Dan immediately reminded me how I had an opportunity to see Pink Floyd live before the world ended but I chose instead to drink beer with an Army nurse in hopes of getting laid. He just wouldn’t let it fucking go.

As we pulled up to the security gate at the Airbase in Weisbaden, we both noticed more guards standing out front. They had even built a wall out of sandbags with riffle muzzles sticking out of it. The post was obviously on alert.

Dan and I walked down the main street carrying our duffle bags noticing the post looked abandoned. No one was outside. I wondered out loud what the day would be like trying to adjust back into life at 12th Evac., then remembered Dan was in a different unit. Gay Moose was on the other side of the base. I asked him if he needed me to escort him there. I didn’t think about that question first. Had I have put any thought into that question I would have remained silent. Dan was a soldier. Every one of us had questions and concerns, however, we were all soldiers first. Dan shot me a look that silenced my protective thoughts for him. His reply, “Fuck you”, reminded me that I was just one soldier of many. We agreed to check in with each other, as soon as we could, over the phone.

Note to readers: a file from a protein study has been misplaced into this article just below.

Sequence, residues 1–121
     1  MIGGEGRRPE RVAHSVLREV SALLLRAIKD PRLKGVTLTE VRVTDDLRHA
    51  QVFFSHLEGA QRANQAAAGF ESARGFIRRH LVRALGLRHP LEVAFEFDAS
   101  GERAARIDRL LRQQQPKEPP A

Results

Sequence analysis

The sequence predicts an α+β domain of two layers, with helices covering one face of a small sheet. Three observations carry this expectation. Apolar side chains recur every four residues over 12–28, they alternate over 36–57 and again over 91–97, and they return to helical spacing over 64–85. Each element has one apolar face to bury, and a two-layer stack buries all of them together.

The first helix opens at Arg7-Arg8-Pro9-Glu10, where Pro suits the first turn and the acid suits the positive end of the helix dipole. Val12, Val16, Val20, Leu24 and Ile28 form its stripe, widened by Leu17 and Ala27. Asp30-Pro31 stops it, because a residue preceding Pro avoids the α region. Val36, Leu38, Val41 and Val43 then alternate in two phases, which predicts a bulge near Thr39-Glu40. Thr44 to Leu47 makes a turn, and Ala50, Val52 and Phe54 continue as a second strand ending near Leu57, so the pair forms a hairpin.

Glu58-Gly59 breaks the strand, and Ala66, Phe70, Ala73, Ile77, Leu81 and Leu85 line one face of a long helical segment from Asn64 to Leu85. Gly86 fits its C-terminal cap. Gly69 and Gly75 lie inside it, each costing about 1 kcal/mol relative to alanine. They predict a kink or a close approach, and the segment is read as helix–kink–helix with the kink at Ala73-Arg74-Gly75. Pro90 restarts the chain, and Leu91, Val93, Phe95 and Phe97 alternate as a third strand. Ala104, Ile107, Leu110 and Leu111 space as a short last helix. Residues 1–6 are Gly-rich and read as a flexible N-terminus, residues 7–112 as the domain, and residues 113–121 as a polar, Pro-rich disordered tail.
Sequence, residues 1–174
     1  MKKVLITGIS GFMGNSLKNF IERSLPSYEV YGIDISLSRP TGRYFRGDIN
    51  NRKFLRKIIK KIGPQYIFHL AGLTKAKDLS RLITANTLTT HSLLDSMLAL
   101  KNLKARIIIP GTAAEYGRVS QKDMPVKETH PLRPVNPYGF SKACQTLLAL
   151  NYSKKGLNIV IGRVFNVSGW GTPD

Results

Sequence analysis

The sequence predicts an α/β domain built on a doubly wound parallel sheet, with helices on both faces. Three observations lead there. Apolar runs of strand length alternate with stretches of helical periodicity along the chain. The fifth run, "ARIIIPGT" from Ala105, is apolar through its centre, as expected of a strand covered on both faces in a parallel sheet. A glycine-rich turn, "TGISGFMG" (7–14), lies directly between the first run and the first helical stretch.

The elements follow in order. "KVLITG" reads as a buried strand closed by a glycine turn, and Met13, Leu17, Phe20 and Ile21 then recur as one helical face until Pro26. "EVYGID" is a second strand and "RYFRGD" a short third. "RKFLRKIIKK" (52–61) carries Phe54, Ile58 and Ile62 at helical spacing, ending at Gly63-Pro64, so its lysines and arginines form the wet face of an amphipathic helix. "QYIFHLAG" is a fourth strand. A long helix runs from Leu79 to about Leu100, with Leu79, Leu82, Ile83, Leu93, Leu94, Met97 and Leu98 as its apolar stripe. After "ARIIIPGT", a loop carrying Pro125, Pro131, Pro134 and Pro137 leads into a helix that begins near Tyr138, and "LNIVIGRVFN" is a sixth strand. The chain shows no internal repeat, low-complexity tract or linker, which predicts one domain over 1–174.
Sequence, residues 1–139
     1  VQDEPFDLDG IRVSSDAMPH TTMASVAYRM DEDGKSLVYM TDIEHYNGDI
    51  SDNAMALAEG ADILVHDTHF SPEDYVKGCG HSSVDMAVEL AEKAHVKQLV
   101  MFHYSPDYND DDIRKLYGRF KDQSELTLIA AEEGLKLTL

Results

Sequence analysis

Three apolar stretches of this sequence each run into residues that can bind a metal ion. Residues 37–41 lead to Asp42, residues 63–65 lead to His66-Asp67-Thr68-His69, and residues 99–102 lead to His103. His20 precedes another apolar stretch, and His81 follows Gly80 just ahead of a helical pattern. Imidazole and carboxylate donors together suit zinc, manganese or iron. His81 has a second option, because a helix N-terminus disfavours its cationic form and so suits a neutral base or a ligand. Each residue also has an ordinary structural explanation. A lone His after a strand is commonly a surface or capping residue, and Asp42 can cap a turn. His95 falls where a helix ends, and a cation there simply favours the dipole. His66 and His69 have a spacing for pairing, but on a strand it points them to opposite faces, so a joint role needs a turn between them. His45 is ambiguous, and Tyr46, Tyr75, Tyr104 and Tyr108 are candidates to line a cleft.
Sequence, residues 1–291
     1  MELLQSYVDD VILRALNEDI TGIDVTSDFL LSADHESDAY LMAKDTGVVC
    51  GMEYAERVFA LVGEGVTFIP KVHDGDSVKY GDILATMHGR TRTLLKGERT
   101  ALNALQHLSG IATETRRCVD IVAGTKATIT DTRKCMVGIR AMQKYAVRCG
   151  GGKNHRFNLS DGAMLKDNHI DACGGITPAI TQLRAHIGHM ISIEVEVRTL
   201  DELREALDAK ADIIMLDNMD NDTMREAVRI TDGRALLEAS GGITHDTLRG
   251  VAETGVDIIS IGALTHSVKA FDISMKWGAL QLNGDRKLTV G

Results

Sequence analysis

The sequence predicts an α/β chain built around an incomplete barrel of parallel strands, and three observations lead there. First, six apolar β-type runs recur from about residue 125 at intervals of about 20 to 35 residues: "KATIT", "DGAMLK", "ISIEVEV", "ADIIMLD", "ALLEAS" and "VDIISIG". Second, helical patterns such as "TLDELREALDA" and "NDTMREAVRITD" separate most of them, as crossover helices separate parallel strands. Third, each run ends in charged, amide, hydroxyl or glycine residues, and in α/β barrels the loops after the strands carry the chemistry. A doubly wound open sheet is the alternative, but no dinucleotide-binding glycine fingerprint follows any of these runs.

Walking through the barracks entrance door to¬†12th Evac. compared to being a gold fish in the middle of a shark feeding frenzy. There were officers, N.C.O’s and junior enlistment buzzing around in a well organized¬†ballet of movement. Everyone had a place to go and something to do. The unit had been placed on alert. Everyone was now residing in the barracks, or so it seemed. The C.Q. desk was the center of attention. As I passed the desk, in an effort to go unnoticed, I was stopped and handed a piece of paper with a message on it. I was told by the Sgt on duty to get dressed and report back to get my marching orders for the day. I became acutely aware that I needed some coffee to wake up. I had a feeling this day would turn out to be long and weary.

As I entered my empty room, I laid down my duffle bag and looked around for any sign of information. My roommate Dee Cee’s bed, as always, was made and his wall locker was fit for inspection.

I looked at the piece of paper handed to me by C.Q.. It was a message to call my mama as soon as I had a free moment.